Speaking of Ed Miliband, this latest poll will provide a much-needed boost for him and his aides too, after a horrid start to the year. If Livingstone wins against the odds in May, and London goes Labour, expect Miliband and his supporters to spin it as a victory for his leadership and his political agenda - and vote of no-confidence in David Cameron. If Ken loses to Boris, however, expect whispers about the future of Miliband's leadership to get louder. Much louder.

Mehdi Hasan is a contributing writer for the New Statesman and the co-author of Ed: The Milibands and the Making of a Labour Leader. He was the New Statesman's senior editor (politics) from 2009-12.

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The campaign to keep Britain in Europe must be based on hope, not fear

Together we can show the world a generous, outward-facing Britain we can all be proud of.

Today the Liberal Democrats launched our national campaign to keep Britain in Europe. With the polls showing the outcome of this referendum is on a knife-edge, our party is determined to play a decisive role in this once in a generation fight. This will not be an easy campaign. But it is one we will relish as the UK's most outward-looking and internationalist party. Together in Europe the UK has delivered peace, created the world’s largest free trade area and given the British people the opportunity to live, work and travel freely across the continent. Now is the time to build on these achievements, not throw them all away.

Already we are hearing fear-mongering from both sides in this heated debate. On the one hand, Ukip and the feuding Leave campaigns have shamelessly seized on the events in Cologne at New Year to claim that British women will be at risk if the UK stays in Europe. On the other, David Cameron claims that the refugees he derides as a "bunch of migrants" in Calais will all descend on the other side of the Channel the minute Britain leaves the EU. The British public deserve better than this. Rather than constant mud-slinging and politicising of the world's biggest humanitarian crisis since the Second World War, we need a frank and honest debate about what is really at stake. Most importantly this should be a positive campaign, one that is fought on hope and not on fear. As we have a seen in Scotland, a referendum won through scare tactics alone risks winning the battle but losing the war.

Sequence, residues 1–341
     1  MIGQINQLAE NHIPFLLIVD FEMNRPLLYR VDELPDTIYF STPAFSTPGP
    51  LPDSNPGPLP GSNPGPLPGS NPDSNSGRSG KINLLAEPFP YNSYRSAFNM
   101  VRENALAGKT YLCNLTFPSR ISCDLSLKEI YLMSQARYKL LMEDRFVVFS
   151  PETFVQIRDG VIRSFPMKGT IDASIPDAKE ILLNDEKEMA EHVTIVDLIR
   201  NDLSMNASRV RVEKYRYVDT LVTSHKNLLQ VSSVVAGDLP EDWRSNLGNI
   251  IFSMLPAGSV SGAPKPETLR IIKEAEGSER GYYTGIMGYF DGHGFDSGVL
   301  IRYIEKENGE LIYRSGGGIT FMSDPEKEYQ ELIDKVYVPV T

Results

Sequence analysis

The voice of business and civil society, from scientists and the police to environmental charities, have a crucial role to play in explaining how being in the EU benefits the British economy and enhances people's everyday lives. All those who believe in Britain's EU membership must not be afraid to speak out and make the positive case why being in Europe makes us more prosperous, stable and secure. Because at its heart this debate is not just about facts and figures, it is about what kind of country we want to be.

The Leave campaigns cannot agree what they believe in. Some want the UK to be an offshore, deregulated tax haven, others advocate a protectionist, mean-hearted country that shuts it doors to the world. As with so many populist movements, from Putin to Trump, they are defined not by what they are for but what they are against. Their failure to come up with a credible vision for our country's future is not patriotic, it is irresponsible.

This leaves the field open to put forward a united vision of Britain's place in Europe and the world. Liberal Democrats are clear what we believe in: an open, inclusive and tolerant nation that stands tall in the world and doesn't hide from it. We are not uncritical of the EU's institutions. Indeed as Liberals, we fiercely believe that power must be devolved to the lowest possible level, empowering communities and individuals wherever possible to make decisions for themselves. But we recognise that staying in Europe is the best way to find the solutions to the problems that don't stop at borders, rather than leaving them to our children and grandchildren. We believe Britain must put itself at the heart of our continent's future and shape a more effective and more accountable Europe, focused on responding to major global challenges we face.

Together in Europe we can build a strong and prosperous future, from pioneering research into life-saving new medicines to tackling climate change and fighting international crime. Together we can provide hope for the desperate and spread the peace we now take for granted to the rest of the world. And together we can show the world a generous, outward-facing Britain we can all be proud of. So if you agree then join the Liberal Democrat campaign today, to remain in together, and to stand up for the type of Britain you think we should be.